Donald Trump’s so-called plan to resolve the tangled web of conflicts of interest that are on course to cling to his presidency from Day 1 isn’t really much of a plan at all. In his press conference Wednesday, Trump and his lawyer, Sheri Dillon, dropped many ethical sounding phrases, like: “blind trust” and “isolating himself” and “donate all profits from foreign government payments.” On Wednesday, the director of the Office of Government Ethics, who has publicly scolded the Trump team’s weak sauce on ethics, had another word for the president-elect’s well choreographed plan: “meaningless.”
“We can’t risk creating the perception that government leaders would use their official positions for profit,” Walter Shaub, head of the nonpartisan ethics body, said at the Brookings Institution on Wednesday. “That’s why I was glad in November when the president-elect tweeted that he wanted to, as he put it, ‘in no way have a conflict of interest’ with his businesses. Unfortunately, his current plan cannot achieve that goal.”
Here’s more from Taub on Trump’s conflict of interest concerns:
[T]he plan the President-elect has announced doesn’t meet the standards that the best of his nominees are meeting and that every President in the past four decades has met… It’s easy to see that the current plan does not achieve anything like the clean break Rex Tillerson is making from Exxon. Stepping back from running his business is meaningless from a conflict of interest perspective. The Presidency is a full-time job and he would’ve had to step back anyway. The idea of setting up a trust to hold his operating businesses adds nothing to the equation. This is not a blind trust—it’s not even close… His sons are still running the businesses, and, of course, he knows what he owns. His own attorney said today that he can’t “un- know” that he owns Trump tower. The same is true of his other holdings. The idea of limiting direct communication about the business is wholly inadequate. That’s not how a blind trust works. There’s not supposed to be any information at all. …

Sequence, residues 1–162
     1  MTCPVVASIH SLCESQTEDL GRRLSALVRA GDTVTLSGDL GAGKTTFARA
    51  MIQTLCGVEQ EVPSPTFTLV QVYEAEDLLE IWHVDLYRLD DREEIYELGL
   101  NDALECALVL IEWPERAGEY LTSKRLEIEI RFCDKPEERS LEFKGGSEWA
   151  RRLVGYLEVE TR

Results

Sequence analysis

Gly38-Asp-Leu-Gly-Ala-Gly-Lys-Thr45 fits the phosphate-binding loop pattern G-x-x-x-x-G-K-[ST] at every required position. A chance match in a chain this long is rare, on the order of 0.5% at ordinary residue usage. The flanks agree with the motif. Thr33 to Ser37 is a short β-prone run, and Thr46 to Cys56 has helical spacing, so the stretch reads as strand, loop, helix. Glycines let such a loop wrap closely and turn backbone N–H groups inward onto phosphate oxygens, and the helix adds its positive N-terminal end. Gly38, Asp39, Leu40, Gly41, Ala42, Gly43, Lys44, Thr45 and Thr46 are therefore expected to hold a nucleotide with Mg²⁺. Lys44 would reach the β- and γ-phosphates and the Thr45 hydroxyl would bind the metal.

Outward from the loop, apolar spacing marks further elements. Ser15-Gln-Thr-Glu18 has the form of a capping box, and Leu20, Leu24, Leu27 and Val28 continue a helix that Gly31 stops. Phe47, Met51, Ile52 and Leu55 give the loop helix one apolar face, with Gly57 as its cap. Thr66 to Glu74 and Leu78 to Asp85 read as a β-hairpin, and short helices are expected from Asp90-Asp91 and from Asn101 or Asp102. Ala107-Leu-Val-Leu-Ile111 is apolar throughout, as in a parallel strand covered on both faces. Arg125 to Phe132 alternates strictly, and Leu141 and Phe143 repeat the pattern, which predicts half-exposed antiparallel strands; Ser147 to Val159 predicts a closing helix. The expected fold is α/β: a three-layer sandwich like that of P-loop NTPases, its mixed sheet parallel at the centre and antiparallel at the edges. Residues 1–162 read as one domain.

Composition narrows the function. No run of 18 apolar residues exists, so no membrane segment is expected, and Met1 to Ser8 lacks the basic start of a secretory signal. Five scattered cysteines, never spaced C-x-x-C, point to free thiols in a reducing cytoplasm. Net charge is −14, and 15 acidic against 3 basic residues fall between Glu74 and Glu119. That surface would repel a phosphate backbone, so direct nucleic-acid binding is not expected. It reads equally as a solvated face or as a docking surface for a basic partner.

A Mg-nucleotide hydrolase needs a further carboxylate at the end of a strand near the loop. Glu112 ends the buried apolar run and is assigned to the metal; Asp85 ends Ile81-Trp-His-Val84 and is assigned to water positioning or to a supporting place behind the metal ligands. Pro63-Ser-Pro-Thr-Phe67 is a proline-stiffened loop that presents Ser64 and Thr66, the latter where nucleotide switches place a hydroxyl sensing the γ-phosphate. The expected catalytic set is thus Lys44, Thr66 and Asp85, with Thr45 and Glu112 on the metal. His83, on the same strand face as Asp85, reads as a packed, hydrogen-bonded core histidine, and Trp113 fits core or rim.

So, to be clear, OGE’s primary recommendation is that he divest his conflicting financial interests. Nothing short of divestiture will resolve these conflicts… I appreciate that divestiture can be costly. But the President-elect would not be alone in making that sacrifice. I’ve been involved in just about every Presidential nomination in the past 10 years. I also have been involved in the ethics review of Presidents, Vice Presidents, and most top White House officials. I’ve seen the sacrifices that these individuals have had to make. It’s important to understand that the President is now entering the world of public service. He’s going to be asking his own appointees to make sacrifices. He’s going to be asking our men and women in uniform to risk their lives in conflicts around the world. So, no, I don’t think divestiture is too high a price to pay to be the President of the United States of America.